The Story of Death by Audio
by Irene Plax
A Saturday night in Brooklyn, we were invited to screen “Goodnight Brooklyn” on the rooftop of the Old American Can Factory as part of the Rooftop Films film Festival. The Festival “brings the underground outdoors”, and the art venue was filled with people downstairs in the courtyard and upstairs on the rooftop itself. The night was misty and chilly by New York’s July standards, but the turnout was solid, the rooftop dotted with faces featured throughout the film.
Before the screening begins, the band Growing performed live. Shortly after, the movie which premiered at SXSW earlier this year, began. The documentary, directed by Matthew Conboy, chronicles the rise of Death by Audio (the performance venue, living space, guitar pedal business, and creative community), and it’s demise due to Vice Media buying out the building.
The focus on the DIY origins of the club captures the energy of the time (roughly 2007-2014), showing the friends who created and lived in the space and the community that grew around it. It’s one of those movies that’s fun to watch because it was made lovingly by someone who was part of the scene. Even if you weren’t there, you feel like you were because of the thoughtful way it was shot. The guys who lived there faced many perils even before their space was taken over, like raw sewage raining into a bedroom and cops threatening to shut down the parties. You see their hilarious camaraderie as they deal with those issues, and their commitment to having a space of their own to do what inspires them. A big message was the importance of a DIY scene – that it’s for everyone, and it empowers people to see that they don’t need permission; they can create their own music, art, communities, and most importantly, spaces for those things to exist and grow. It was something worth hearing.
In the final days of the DBA, before their space was taken over, bands came together and performed, making big proclamations about the importance of the space and love at the end of an era. Sound man and Party Spirit, Edan Wilber was in tears as he explained the wealth of memories he accumulated through his experiences living at DBA. Toward the end of the movie, the rains on the rooftop picked up momentum, and crowds flocked downstairs for beers and conversation.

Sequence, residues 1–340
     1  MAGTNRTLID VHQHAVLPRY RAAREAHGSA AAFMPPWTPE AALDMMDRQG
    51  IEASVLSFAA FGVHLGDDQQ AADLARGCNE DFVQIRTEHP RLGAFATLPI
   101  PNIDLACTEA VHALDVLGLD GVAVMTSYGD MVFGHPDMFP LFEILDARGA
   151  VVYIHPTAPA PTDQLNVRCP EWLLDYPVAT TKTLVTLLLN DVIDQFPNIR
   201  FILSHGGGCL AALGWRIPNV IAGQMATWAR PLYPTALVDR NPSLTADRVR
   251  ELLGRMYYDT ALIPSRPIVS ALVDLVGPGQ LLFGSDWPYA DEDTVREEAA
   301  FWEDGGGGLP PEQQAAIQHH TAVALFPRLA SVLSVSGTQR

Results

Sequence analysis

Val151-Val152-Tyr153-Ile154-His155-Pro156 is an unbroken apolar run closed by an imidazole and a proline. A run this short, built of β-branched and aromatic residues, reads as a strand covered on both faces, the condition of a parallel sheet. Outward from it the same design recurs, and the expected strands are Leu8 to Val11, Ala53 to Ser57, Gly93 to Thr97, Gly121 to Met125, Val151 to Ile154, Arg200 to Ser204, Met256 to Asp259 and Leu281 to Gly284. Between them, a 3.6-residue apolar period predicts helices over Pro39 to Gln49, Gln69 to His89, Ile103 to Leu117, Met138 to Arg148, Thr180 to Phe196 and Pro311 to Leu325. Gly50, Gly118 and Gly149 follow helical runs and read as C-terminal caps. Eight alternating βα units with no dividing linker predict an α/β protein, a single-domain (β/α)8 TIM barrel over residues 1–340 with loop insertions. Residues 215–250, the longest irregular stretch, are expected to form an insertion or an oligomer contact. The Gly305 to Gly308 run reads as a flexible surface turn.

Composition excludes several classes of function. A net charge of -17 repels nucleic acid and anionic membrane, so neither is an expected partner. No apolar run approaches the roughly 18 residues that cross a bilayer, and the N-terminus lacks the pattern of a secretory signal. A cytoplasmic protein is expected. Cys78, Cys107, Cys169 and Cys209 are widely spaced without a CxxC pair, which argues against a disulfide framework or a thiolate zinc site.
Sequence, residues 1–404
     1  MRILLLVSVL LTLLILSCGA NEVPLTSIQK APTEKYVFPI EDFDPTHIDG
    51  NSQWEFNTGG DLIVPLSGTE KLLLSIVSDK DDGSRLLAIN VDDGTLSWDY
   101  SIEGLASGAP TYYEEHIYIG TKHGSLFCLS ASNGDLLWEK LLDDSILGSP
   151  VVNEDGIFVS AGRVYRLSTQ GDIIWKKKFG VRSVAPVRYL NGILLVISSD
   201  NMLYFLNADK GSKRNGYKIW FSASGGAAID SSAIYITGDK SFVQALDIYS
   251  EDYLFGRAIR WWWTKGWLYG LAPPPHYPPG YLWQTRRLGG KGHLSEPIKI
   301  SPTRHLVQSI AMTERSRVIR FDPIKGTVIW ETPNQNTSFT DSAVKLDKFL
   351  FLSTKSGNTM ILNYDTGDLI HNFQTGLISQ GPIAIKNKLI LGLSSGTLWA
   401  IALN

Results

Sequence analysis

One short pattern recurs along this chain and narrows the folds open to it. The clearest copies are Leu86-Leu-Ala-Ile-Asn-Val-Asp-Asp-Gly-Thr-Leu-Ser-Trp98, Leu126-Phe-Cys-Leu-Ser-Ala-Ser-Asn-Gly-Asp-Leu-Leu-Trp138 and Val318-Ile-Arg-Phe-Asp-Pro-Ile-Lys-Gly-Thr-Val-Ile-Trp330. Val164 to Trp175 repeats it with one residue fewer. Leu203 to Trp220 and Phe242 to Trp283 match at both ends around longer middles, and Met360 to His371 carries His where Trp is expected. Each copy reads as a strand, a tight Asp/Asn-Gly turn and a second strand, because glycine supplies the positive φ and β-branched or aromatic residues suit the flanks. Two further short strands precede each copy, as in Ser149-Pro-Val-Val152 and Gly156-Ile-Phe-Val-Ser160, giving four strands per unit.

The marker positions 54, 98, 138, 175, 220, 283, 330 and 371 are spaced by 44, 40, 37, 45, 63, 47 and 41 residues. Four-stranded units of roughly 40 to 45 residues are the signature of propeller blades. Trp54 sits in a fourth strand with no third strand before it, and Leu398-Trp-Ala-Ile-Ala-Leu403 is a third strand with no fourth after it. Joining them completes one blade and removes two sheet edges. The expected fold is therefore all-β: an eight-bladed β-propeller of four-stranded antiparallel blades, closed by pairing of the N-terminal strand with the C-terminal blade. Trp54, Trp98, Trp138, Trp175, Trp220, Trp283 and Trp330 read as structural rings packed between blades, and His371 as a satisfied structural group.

Among the now rain soaked guests were the DBA creators and musicians featured in the documentary: Oliver Ackermann, front man of A Place to Bury Strangers (AKA “the loudest band in New York”) also built and sold guitar pedals.
“It’s so cool that everyone came out!” he said cheerfully.
“It was a home for everybody, not just bands. I wish I could’ve played there. People should think about the music like DBA did.”
Another partygoer named Dan said, “I’m a punk rocker, so I was aware of the place, but not being from New York City, I hadn’t experienced it. It’s inspirational, the doc. It’s like when you first start listening to the Sex Pistols, or read Cometbus for the first time and realize there’s a whole new world out there for you to explore.”
While we all gathered, drying off through enlivening talks with musicians and strangers, eventually Grooms and A Place to Bury Strangers played live for a while. Overall, the film was abundant in high-energy and beautiful footage of bands playing and crowds raging. The final words of the film were:
Every great city has a space like Death by Audio. If it doesn’t, you should start one.
The Story of Death By Audio brings viewers inside the last underground venue for music and art in Williamsburg, Brooklyn, a neighborhood once defined by its cultural contributions to the city of New York. The feature length film chronicles the origins, community-building, influence and ultimate closure of one of Brooklyn’s best DIY venues, ironically at the hands of a former champion of their efforts.
ABOUT ROOFTOP FILMS
Rooftop Films is a non-profit organization whose mission is to engage and inspire the diverse communities of New York City by showcasing the work of emerging filmmakers and musicians. In addition to their annual Summer Series – which takes place in unique outdoor venues every weekend throughout the summer – Rooftop provides grants to filmmakers, rents equipment at low-cost to artists and non-profits, and supports film screenings citywide with the Rooftop Films Community Fund. At Rooftop Films, we bring underground movies outdoors. For more information and updates please visit their website at www.rooftopfilms.com.